Russell Redman 1 | Sep 27, 2018
The Food and Drug Administration has proposed new food recall guidelines on when it will identify retailers where consumers may have purchased affected products.
In draft guidance issued yesterday, the FDA said it will publicly disclose retail locations that may have sold or distributed a recalled human or animal food in situations where there’s a “reasonable probability” of causing serious adverse health consequences or death.
Under the new policy, the FDA would publicize “retail consignee” lists for food recalls involving products likely to be available for consumption and not easily identified from their retail packaging or lack of packaging. Examples would include food sold directly to consumers with no UPC or bar code, such as deli cheese, nuts, rawhide chews or pet treats sold in bulk and fresh fruit and vegetables sold individually.
The FDA also may disclose retail consignee lists when a recalled food is related to an outbreak of foodborne illness and the information could help safeguard consumers. For example, the agency might name retailers for a packaged food distributed in a certain region or through a particular online seller if that information could help consumers protect their health.
Retail consignees include retail establishments that sell to consumers physically present in the store, such as supermarkets, pet stores and convenience stores; receive orders via phone, mail, internet, catalog or other means; and deliver food products to consumers directly through a third-party service. Depending on the nature of the distribution of a recalled product, information disclosed by the FDA would include specific retail store names and addresses or retail chains and geographic areas.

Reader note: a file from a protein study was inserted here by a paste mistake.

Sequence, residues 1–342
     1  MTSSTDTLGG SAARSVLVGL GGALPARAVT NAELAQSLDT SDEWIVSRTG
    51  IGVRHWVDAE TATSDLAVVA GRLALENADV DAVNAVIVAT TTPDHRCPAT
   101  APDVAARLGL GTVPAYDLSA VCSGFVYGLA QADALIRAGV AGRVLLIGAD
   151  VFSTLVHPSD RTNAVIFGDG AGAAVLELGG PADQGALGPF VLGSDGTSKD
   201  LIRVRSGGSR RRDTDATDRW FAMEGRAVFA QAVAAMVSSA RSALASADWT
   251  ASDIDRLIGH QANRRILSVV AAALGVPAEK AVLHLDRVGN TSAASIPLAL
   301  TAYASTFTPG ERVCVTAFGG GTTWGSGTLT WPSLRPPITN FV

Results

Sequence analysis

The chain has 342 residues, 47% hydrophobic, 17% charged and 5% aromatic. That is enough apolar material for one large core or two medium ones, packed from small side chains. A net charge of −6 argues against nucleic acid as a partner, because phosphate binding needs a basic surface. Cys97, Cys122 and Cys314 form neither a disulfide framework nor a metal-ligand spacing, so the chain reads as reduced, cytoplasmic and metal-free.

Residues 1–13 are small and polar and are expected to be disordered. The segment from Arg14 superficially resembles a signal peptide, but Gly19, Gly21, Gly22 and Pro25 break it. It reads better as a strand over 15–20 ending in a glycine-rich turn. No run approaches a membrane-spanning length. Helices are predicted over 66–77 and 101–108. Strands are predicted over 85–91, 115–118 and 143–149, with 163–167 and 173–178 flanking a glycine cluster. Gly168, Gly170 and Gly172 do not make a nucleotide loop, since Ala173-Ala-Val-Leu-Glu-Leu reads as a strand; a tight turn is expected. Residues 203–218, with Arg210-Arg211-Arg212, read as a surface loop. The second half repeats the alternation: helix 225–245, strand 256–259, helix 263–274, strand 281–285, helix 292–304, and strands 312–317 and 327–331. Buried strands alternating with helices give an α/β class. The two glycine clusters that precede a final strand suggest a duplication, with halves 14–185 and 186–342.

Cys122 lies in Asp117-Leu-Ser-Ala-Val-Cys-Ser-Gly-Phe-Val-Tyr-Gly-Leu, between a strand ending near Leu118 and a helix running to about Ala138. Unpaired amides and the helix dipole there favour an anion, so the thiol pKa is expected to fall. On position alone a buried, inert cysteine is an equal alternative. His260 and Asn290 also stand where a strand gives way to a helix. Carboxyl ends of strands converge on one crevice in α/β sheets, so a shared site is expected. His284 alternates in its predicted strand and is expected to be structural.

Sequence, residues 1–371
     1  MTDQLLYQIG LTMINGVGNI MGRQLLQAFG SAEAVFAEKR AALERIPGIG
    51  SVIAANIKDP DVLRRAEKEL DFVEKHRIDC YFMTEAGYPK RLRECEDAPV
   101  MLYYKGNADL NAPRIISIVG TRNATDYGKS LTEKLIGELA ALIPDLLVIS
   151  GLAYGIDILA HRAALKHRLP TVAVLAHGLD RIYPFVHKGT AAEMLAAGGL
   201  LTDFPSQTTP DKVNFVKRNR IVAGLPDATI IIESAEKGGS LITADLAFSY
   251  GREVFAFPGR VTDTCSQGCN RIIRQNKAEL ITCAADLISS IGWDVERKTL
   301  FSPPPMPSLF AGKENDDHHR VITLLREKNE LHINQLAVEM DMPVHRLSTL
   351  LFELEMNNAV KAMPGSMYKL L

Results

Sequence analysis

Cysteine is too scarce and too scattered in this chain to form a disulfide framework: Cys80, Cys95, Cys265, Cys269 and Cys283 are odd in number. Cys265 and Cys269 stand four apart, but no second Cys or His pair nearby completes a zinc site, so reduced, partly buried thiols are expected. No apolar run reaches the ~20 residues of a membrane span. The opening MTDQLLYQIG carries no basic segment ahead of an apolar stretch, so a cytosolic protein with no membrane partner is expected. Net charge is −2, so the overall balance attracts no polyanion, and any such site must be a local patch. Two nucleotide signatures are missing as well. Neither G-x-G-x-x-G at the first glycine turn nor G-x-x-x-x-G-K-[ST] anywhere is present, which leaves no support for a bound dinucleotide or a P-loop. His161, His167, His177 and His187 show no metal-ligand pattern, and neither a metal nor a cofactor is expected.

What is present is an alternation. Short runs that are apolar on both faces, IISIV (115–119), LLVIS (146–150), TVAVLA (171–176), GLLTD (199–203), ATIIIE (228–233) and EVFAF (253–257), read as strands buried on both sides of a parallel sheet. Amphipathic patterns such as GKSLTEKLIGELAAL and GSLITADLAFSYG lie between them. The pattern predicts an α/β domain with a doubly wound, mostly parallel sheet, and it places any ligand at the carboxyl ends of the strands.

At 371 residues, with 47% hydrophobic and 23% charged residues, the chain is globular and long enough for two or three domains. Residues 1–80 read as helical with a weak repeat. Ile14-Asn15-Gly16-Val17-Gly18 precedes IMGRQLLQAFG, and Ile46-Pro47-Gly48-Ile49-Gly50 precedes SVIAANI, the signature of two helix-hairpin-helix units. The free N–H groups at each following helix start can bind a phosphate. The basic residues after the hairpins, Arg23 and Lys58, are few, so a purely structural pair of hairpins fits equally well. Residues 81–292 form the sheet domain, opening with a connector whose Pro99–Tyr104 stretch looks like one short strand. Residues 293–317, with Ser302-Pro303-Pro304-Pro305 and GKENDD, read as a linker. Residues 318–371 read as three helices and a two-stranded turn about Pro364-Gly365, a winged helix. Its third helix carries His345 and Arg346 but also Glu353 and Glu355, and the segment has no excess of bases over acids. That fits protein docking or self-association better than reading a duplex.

The FDA typically works with companies to publicize labeling information, product descriptions, lot numbers, photos and geographic or retail-related distribution information when a recall is initiated to help consumers determine if they have the recalled product and need to discard it or return it to the place of purchase, he explained.
“In most cases, information publicized by the recalling company is sufficient to allow consumers to identify and avoid recalled product,” said Gottlieb (left). “But there are some cases where additional information about the retailers selling potentially harmful product may be key to protecting consumers, such as when the food is not easily identified as being subject to a recall from its retail packaging and the food is likely to be available for consumption.
“It is particularly important in situations where the product has already been linked to foodborne illness,” he noted. “In these situations, providing retailer information can help consumers more quickly and accurately recognize recalled product and take action to avoid the product or seek assistance if they’ve already been exposed.”
The FDA said it has already taken steps in line with the new policy. For example, this summer, the agency released detailed retail distribution information by state in a recall of pre-cut melon linked to an outbreak of salmonella.
Gottlieb said the new guidelines, which build on a January release of draft guidance on public warnings to consumers, will provide more transparency and improve the efficiency of recalls.